Furthermore, Schilling also said the state did not deliver promised film tax credits for 38 Studios and refused to allow the company to defer a $1.1 million payment to the Economic Development Corp. This forced the company to miss payroll on May 15. Soon afterward, 38 Studios was forced to lay off its 291 workers in Providence and 100 more in Maryland.

‘‘I have done whatever I can do to create jobs and create a successful business, with my own income,’’ he said. ‘‘Fifty million dollars, everything I’ve ever saved, has been put back into the economy. The $49 million from Rhode Island has been put back in the economy. I’ve never taken a penny and I’ve done nothing but create jobs and create economy. And so how does that translate into welfare baby I’ve tried to do right by people.’’

Chafee, for his part, denies that he’s hurt the company with his comments. While he claims he wants 38 Studios to succeed, he opposes giving them film tax credits after receiving state bond proceeds.

Jonathan Savage, a business lawyer who is representing Chafee, says that the state may change its first position to 38 Studio’s assets if that will help attract a private investor. Schilling says that might help and wants to believe the company isn’t finished.

‘‘I pray that it’s not,’’ he said. ‘‘We’re doing everything we can do to make that not be the case.’’


Marketing Company Chilibite Becomes Mobile Publisher

Chilibite has relaunched itself as a mobile games publisher. The former marketing and PR company will publish iOS and Android titles from independent developers, starting with playerthree’s Stunt Bunnies Circus and Codigames’ The Mordis.

“We’re very excited about the launch of our new business and bringing our first two titles to gamers all over the world,” said co-founder Nea Bautista Wiberg. “We strongly believe that our special way of working with developers and distribution partners will lead to a long-term, fruitful collaboration.”

Facebook: What To Make Of The IPO

Facebook’s IPO was not quite what anyone expected, quickly going from the most watched public offering this year to a lawsuit by shareholders for concealing weakened growth forecasts. Defendants including Facebook CEO Mark Zuckerberg and Morgan Stanley were cited as hiding “a severe and pronounced reduction” in revenue forecasts during the IPO marketing process.

One of the suits in New York says that lowered business forecasts were “selectively disclosed by defendants to certain preferred investors” and not to the general public. While it was generally known there would be challenges, Facebook shares fell 18.4 percent from the $38 IPO price in the first three days of trading, reducing the value of stock sold in the IPO by more than $2.9 billion.

“The I.P.O. of Facebook was supposed to be Morgan Stanley’s crowning achievement, but it is turning out to be a big embarrassment, raising broader questions from regulators about the I.P.O. process,” notes the New York Times. “When the dust settles, Morgan Stanley could make more than $100 million in fees on the I.P.O. But rival bankers and big investors have complained that Morgan Stanley botched the debut. They contend that the bank set the price too high and sold too many shares to the public.”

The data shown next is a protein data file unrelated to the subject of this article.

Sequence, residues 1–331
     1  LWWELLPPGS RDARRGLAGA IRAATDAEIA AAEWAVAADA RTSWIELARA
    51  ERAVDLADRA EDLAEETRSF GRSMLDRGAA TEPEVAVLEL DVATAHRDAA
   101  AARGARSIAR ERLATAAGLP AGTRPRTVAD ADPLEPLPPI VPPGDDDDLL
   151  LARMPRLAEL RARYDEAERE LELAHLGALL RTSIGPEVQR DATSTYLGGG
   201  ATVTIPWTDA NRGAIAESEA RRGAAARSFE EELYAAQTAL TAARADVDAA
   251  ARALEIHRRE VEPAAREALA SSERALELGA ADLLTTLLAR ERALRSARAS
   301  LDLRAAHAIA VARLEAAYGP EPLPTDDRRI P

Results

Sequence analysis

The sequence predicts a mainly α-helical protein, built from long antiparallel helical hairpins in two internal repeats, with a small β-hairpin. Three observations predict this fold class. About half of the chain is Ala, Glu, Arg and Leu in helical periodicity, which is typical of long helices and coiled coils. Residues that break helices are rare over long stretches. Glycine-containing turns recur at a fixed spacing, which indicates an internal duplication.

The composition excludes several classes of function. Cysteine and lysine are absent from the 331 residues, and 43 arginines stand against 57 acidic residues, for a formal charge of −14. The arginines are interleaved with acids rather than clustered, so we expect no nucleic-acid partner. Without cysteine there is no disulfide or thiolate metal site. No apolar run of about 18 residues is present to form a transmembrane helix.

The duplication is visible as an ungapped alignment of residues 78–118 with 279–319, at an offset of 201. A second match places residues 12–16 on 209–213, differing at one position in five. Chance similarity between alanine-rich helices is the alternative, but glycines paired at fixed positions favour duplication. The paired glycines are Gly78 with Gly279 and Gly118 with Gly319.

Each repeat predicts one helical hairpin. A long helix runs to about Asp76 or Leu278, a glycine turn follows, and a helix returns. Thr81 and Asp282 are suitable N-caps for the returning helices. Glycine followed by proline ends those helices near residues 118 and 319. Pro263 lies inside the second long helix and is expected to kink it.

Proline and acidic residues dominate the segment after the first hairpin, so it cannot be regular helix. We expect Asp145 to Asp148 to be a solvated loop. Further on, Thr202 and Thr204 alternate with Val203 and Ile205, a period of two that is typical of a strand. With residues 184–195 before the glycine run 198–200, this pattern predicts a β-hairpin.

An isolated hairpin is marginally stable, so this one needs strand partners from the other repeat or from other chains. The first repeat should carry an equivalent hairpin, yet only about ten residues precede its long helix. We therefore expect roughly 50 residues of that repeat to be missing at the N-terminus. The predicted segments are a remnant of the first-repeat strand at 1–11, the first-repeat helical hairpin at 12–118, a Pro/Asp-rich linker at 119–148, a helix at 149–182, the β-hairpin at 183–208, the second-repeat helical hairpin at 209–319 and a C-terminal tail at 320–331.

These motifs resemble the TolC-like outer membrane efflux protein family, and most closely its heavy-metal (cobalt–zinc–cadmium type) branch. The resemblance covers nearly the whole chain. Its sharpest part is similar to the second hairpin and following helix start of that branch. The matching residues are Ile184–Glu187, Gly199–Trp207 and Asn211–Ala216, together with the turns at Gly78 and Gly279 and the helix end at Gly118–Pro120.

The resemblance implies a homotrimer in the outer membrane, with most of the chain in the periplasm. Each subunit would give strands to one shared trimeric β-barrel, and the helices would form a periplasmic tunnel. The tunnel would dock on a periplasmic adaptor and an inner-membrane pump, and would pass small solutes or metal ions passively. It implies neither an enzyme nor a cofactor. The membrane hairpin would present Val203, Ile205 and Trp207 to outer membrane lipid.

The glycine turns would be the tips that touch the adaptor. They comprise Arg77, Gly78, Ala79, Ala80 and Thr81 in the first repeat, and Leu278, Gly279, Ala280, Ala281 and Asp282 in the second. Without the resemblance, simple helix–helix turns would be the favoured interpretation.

“The media are awash in stories about Facebook’s IPO ‘failure’ because the stock price hasn’t skyrocketed and made the buyers incomprehensibly rich. It only has made the original shareholders filthy rich,” said Ad Age’s Jonathan Salem Baskin. “I think every CMO should ruminate on the more nuanced questions about the value of social engagement that the IPO event raises.”

“Facebook’s sole function is engagement. It connects people with one another. Its $3 billion in revenue and $1 billion profit come from advertisers who believe that there must be ways for brands to profit from that engagement. They don’t know how to do it yet. The two hypotheses they’re testing are putting ads around it, and trying to actually host some of it via branded pages interspersed with people pages,” added Baskin. “There’s no evidence that either yields much beyond nice-to-have benefit, and some experimenters (most recently GM) have given up trying, for now. Again, since Facebook makes money either way, I’d take a small piece of such failure and consider my life’s work a success.”

Meanwhile, Facebook is continuing its usual business by adding Angry Birds, tweaking Timeline and adding a new “Summary” section. They’ve announced a branded entertainment deal with Turner’s TBS to promote three- to five-minute comedy “shorts” developed by DumbDumb, Arrested Development co-stars and pals Will Arnett and Jason Bateman’s digital entertainment company.

“In our mind,” stated Carolyn Everson, Facebook’s head of ad sales and VP of global marketing solutions, “we believe that we should capitalize on the social footprint in and around the media content that consumers love and that they consume on Facebook.”

Still the honeymoon might be over for Facebook. “There is a stigma around a broken deal, and Facebook is a broken deal,” Connor Browne, a managing director for Thornburg Investment Management.

Source: Brand Channel

Newzoo Segments Game Market In New Way

Newzoo announced an alternative way of segmenting the games market via the typical four screens fulfilling separate consumer needs, showing cross- and single screen growth opportunities. Find out more in the infographic that incorporates fresh data on 153 million American gamers and their $21.9 billion estimated spending on games in 2012.